The Story Behind Grand Prix’s Biggest Starting Grid

#22 – Wolfgang Seidel — Veritas RS – BMW
Grid: 29th / Race: 16th

(Source: Revs)
Born: 4th July 1926
Dresden, Germany
Died: 1st March 1987
Munich, Germany
Appearances: 12


Between the retreat of Mercedes-Benz after 1955 and Rolf Stommelen’s contract with Brabham for 1970, German drivers were quite under-represented in Formula 1. Of course there was Wolfgang von Trips, but even he had done only two and a half seasons for Ferrari before his death in 1961 and in 1961/62 the Porsche team rather relied on the services of two established foreign pilots with a few German drivers only as occasional backups. Wolfgang Seidel was one of only two drivers, Hans Herrmann being the other, who would hold up the German flag and try to get their foot into the Grand Prix circus in those years.

At 25, Seidel was a representative of the young post-war generation of German drivers when he first appeared in a Veritas sports car at the Norisring in 1951. At that time in Germany there was a phenomenon to observe, where local groups of drivers had formed in some ‘hot spot’ areas and travelled jointly to the races. One such center was Düsseldorf, hometown of Ulmen, Peters and Seidel, who for this race was given the cockpit of Ulmen’s second car. Perhaps this had been intended as a test drive, because in 1952 Seidel would somewhat regularly appear in that very car, albeit in slightly modified shape. An early promising result was his second place in the sports car race of the 1952 German Grand Prix weekend, where he finished behind Ulmen, with Peters completing the Düsseldorf city championship in fifth place.

The step into Formula 2 for 1953 was probably by necessity rather than by ambition, as, like for many of his Veritas and BMW colleagues, with the discontinuation of the 2-litre sports car class there was no other possibility left. Consequently, Seidel could not expect to be a front runner in the old, bulky car, but at least he achieved a solid finishing record. However, the great moment of his early career was to come at the Nürburgring 1000km race, in which a 2-litre class was still featured. Co-driving with Peters they brought the old Veritas RS home for a surprise class win (if only quite far behind the winners of the smaller 1.5 litre class), when all of the much faster works Maseratis retired.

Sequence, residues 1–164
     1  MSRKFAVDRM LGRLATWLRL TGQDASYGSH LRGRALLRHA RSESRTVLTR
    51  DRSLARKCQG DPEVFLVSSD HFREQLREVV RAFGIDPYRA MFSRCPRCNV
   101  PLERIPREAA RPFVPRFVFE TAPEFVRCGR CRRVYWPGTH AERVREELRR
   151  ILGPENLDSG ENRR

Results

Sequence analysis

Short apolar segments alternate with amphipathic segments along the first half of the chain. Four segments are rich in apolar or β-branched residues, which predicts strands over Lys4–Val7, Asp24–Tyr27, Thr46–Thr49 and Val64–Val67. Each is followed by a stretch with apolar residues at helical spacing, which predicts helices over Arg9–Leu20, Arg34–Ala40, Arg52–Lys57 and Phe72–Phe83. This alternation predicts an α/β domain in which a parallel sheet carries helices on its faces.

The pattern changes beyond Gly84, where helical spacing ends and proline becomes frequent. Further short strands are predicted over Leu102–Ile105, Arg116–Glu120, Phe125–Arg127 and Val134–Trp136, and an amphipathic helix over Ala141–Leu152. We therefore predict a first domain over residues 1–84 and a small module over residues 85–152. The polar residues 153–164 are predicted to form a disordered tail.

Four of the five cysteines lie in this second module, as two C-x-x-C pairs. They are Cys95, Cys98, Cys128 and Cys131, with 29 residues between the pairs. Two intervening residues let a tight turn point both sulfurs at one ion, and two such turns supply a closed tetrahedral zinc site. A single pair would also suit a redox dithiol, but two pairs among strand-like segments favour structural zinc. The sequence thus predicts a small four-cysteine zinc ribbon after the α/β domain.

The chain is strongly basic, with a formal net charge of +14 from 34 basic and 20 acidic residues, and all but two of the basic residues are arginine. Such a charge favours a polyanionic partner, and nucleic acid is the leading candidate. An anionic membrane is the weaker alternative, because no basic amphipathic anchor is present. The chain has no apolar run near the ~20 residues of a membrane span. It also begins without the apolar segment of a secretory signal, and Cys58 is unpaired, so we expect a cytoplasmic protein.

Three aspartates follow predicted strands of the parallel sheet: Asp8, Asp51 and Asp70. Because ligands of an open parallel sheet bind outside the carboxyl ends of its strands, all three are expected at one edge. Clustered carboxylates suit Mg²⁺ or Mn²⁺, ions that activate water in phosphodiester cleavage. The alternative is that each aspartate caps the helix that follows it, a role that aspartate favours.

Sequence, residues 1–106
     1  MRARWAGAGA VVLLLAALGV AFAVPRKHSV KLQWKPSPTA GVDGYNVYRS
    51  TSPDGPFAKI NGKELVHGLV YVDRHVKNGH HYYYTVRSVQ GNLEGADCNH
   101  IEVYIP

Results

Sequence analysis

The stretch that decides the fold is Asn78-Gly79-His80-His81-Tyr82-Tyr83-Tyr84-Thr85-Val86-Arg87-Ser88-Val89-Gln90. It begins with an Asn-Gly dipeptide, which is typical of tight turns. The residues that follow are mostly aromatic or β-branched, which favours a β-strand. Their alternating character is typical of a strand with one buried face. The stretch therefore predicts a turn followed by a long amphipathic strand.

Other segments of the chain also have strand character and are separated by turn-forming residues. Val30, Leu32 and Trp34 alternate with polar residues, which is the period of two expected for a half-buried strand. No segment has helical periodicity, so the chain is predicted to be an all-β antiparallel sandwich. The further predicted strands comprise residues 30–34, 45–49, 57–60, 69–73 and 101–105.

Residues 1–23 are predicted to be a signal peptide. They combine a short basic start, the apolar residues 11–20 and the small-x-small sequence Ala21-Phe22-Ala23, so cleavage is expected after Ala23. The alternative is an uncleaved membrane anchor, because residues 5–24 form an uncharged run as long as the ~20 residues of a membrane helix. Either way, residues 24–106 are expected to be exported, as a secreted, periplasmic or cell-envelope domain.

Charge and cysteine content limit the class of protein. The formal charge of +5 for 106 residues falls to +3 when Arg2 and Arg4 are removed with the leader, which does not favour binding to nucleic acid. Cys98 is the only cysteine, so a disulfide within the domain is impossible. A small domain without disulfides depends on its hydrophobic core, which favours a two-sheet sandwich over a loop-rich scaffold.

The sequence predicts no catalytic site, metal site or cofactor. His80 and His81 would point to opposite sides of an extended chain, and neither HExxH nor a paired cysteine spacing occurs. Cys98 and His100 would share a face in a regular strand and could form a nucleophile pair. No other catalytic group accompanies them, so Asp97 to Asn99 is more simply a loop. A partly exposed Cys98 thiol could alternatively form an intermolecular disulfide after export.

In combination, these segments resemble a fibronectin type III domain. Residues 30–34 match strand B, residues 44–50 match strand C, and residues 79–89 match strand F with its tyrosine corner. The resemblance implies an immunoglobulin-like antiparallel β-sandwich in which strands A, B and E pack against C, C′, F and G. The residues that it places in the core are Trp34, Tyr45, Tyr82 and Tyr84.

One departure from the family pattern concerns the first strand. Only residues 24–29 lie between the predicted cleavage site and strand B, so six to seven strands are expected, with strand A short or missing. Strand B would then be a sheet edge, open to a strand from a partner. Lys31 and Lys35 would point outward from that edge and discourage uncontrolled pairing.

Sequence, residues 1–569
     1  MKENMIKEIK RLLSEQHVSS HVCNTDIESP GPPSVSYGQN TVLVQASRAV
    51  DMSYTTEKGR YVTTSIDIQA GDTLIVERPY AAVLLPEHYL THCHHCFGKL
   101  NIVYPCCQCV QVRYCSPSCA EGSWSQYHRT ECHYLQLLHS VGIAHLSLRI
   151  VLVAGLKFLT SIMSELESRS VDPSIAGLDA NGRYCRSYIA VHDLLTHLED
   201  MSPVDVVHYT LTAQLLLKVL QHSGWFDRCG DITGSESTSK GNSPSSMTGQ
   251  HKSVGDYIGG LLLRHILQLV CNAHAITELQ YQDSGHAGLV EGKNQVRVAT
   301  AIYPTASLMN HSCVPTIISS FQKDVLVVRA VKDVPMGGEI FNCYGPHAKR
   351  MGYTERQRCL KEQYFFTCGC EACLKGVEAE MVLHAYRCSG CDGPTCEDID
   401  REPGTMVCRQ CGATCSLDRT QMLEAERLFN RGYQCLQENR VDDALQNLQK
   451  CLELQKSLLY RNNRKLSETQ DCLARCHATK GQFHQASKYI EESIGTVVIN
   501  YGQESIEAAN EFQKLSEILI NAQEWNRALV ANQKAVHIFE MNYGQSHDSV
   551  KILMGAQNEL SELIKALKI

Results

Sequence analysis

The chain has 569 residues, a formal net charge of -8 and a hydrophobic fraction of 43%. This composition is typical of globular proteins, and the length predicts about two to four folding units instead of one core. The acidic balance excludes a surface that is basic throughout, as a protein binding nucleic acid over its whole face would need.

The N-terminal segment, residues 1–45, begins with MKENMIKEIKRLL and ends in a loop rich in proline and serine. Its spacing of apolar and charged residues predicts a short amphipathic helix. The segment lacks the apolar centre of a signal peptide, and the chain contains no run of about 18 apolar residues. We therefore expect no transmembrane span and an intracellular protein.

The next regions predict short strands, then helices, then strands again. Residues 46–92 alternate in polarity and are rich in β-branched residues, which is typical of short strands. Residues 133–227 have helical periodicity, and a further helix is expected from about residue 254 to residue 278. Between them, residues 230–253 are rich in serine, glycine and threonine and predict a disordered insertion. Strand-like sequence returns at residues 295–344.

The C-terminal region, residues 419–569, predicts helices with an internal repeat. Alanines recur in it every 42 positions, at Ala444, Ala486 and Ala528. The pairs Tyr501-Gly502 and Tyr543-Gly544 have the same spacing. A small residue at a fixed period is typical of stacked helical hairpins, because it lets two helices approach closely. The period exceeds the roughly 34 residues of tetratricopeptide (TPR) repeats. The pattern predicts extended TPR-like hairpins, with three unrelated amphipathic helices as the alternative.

In 1954, when Formula 2 had been abandoned, he changed the Veritas for an OSCA to compete in the 1.5 litre sports car class, followed by a Porsche Spyder in 1955. In the following years he had some good results with the outstanding one being the victory at the 1959 Targa Florio together with Edgar Barth.

In the meantime he got occasional Formula 1 drives in Scuderia Centro Sud Maseratis without notable results. In the early 1960s, he tried to set up his own private Formula 1 team, but the effort came to a halt after the events at the German Grand Prix in 1962. There, he had missed the required number of five practise laps due to an engine failure of his Lotus and as a consequence was not allowed to start. When he complained publicly about this – in his opinion – unfairness in a press interview, claiming that he had set better lap times than some of the opponents, the National Motorsport Board reacted with full rigour, announcing that his license would be seized for lifetime. This was later revised into a two years ban, but nevertheless it was the end to his career.

1953 German Grand Prix, Wolfgang Seidel (Source: Revs)

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